It appears Israelis have every reason to be in festive mood this week as they celebrate the 70th anniversary of their state’s founding.
This “Independence Day”, which Israel marks according to the Hebrew calendar, on April 19, the regional, security and diplomatic environment looks to be the most favourable Israel has faced in its short history.
The Palestinians have been crushed, and Israel faces no international pressure to concede a two-state solution. The Arab states are in disarray, with growing signs that Saudi Arabia and some other Gulf states may be ready to normalise relations.
Al Jazeera World – Born in ’48
The Trump administration is little more than a cheerleader for Israel, and has pre-empted Palestinian ambitions for statehood by moving its embassy to Jerusalem next month.
And Israel has one of the few economies that is thriving despite the global recession sparked by the financial meltdown a decade ago.
Nonetheless, analysts warn, the picture over the coming decades may prove to be far less rosey than it appears now. The relatively free hand Israel currently enjoys comes with new costs and dangers, they argue.
“This is more like a pyrrhic victory,” Amal Jamal, a politics professor at Tel Aviv University, told Al Jazeera.
“Israel has won this round of the battle, but at a price it probably can’t afford in the coming rounds.”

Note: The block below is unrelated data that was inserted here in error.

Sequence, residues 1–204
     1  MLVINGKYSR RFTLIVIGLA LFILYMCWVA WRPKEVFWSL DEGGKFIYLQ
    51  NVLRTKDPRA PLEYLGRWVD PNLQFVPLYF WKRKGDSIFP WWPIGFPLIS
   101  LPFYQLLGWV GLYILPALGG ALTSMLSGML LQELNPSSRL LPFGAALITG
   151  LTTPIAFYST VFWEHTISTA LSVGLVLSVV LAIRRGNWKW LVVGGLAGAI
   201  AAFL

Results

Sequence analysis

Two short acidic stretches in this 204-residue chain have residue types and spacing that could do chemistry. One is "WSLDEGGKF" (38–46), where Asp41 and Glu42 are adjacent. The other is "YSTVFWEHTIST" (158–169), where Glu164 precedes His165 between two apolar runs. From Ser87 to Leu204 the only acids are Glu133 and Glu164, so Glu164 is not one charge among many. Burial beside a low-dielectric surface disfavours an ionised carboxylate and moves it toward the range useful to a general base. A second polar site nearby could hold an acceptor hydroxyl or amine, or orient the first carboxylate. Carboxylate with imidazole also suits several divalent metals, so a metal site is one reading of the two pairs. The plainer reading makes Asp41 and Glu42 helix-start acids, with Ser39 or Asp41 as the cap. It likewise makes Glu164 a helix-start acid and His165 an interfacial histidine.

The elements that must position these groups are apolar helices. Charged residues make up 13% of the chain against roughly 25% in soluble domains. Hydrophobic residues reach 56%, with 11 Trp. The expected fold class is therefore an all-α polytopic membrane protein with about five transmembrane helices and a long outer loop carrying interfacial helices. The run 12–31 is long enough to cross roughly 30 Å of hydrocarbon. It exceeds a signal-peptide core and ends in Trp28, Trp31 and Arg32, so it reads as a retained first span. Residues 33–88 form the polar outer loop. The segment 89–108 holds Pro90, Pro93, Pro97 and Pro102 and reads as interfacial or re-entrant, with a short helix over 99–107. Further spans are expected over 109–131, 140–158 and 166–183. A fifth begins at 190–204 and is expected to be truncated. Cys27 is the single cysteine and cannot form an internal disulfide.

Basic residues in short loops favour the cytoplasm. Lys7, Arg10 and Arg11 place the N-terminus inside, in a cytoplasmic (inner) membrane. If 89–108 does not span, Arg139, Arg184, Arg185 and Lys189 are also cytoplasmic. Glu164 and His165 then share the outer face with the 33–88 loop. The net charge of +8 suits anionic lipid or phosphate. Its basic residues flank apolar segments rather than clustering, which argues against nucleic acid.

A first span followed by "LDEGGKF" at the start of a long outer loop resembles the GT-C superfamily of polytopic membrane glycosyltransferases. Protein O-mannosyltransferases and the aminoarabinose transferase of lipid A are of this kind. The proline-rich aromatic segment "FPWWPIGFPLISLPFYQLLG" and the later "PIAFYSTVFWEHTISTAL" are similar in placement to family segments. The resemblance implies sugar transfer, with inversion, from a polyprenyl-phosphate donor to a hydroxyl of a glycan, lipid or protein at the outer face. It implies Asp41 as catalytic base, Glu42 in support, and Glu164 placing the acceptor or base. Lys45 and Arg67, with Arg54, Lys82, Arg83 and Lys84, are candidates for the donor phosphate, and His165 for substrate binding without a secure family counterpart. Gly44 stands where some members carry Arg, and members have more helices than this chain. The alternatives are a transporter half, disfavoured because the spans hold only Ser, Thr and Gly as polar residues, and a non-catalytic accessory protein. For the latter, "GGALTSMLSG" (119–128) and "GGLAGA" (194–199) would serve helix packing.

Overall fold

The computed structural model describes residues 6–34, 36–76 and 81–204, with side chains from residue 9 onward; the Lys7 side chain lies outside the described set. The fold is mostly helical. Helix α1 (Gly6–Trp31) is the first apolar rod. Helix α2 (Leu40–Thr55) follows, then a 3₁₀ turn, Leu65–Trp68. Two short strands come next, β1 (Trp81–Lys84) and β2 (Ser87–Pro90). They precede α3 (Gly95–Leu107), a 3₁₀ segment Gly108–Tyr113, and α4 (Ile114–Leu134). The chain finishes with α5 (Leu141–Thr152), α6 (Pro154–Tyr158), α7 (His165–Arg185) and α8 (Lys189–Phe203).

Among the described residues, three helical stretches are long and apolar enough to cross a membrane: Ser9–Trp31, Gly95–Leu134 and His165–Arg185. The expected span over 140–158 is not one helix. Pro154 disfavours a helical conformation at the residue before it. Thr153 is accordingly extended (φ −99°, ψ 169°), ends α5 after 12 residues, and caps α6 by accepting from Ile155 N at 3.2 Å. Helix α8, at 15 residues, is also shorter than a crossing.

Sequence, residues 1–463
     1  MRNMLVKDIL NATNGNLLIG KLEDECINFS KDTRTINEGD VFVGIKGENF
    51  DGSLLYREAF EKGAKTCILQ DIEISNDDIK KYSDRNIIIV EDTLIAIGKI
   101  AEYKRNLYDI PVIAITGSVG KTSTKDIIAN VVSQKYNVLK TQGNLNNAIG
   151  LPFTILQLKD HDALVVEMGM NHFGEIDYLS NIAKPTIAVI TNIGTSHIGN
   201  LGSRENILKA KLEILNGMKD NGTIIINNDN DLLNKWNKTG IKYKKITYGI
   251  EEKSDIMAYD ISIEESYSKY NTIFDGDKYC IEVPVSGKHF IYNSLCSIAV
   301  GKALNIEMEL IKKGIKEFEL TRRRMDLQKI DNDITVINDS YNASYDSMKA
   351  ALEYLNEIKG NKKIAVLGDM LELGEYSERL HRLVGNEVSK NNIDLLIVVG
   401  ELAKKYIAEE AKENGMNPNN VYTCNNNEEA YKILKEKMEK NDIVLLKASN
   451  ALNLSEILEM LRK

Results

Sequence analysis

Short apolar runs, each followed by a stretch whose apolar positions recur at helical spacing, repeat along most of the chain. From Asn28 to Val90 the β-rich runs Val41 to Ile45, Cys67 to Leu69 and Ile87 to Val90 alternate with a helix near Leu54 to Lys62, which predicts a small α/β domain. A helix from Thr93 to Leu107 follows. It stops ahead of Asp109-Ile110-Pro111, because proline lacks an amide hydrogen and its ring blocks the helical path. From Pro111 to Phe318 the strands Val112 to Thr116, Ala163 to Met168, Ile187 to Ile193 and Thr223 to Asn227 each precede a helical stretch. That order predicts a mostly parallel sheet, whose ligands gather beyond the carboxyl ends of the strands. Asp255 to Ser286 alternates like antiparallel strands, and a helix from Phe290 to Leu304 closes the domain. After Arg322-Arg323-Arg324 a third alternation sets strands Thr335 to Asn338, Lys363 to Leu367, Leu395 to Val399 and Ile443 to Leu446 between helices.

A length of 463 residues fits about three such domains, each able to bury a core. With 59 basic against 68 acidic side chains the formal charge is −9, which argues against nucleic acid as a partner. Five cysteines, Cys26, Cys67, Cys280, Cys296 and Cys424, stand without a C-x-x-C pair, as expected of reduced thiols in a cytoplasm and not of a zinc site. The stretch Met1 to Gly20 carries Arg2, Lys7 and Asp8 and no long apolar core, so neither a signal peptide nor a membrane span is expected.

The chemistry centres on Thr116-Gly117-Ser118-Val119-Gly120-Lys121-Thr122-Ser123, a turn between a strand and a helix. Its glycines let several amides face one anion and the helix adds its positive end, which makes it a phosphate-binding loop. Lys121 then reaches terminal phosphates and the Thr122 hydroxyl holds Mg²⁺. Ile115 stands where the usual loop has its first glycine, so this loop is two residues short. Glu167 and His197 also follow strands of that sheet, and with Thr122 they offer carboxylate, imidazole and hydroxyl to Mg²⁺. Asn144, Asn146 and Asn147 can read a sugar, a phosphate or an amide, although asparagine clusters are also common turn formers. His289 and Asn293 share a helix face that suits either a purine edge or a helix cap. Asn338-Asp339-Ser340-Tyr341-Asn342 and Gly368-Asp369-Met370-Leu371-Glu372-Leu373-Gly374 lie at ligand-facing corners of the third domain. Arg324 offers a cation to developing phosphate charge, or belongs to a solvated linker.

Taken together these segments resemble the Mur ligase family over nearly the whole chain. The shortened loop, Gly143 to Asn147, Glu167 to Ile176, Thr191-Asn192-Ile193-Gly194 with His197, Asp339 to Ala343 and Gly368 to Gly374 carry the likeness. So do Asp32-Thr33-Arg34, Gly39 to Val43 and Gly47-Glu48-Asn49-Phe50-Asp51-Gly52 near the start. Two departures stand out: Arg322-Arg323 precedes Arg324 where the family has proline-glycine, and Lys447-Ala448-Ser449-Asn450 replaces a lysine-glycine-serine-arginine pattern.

‘The end of the Jewish state’
That sentiment is shared in unlikely places. Last month Israel’s popular Yedioth Aharonoth daily published the assessments of six former heads of Israel’s spy agency Mossad, headlined: “The country is in grave condition.”
One, Dani Yatom, went so far as to predict “the end of the Jewish state”. Another, Nahum Admoni, warned that the rift within the Israeli Jewish public was “greater than at any other time” in Israel’s history.
Michal Warschawski, an Israeli analyst and founder of the Alternative Information Centre, argued that Israel was suffering from “classic hubris”.
“Israel is strong, rich and has powerful allies. That explains its extreme arrogance at the moment,” he told Al Jazeera.
“We are now in a strange situation in which the security apparatus has more insight into Israel’s problems than the politicians.”
An indication of Israel’s troubles ahead are the popular, unarmed protests that have exploded on to the Palestinian political scene along Gaza’s perimeter fence.
For decades Israel’s internal security has been carefully built on an intricate system of containing, isolating and repressing Palestinians with walls, checkpoints and blockades.
Head to Head – Is Zionism compatible with democracy?
But the Gaza protests suggest to some observers that Israel’s complex fortifications could quicky turn into a house of cards if unarmed resistance by Palestinians grows or spreads.
Israeli military commanders have repeatedly warned that they have no strategy for countering a mass popular revolt.